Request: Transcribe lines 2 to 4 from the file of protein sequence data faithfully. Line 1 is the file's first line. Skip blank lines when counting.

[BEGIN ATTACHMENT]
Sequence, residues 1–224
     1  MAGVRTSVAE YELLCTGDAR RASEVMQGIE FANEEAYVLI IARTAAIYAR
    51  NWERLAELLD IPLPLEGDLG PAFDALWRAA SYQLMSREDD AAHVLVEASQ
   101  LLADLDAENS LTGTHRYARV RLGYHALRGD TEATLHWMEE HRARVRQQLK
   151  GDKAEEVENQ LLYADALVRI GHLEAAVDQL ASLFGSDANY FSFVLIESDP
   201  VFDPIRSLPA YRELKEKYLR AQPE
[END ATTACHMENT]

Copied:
     1  MAGVRTSVAE YELLCTGDAR RASEVMQGIE FANEEAYVLI IARTAAIYAR
    51  NWERLAELLD IPLPLEGDLG PAFDALWRAA SYQLMSREDD AAHVLVEASQ
   101  LLADLDAENS LTGTHRYARV RLGYHALRGD TEATLHWMEE HRARVRQQLK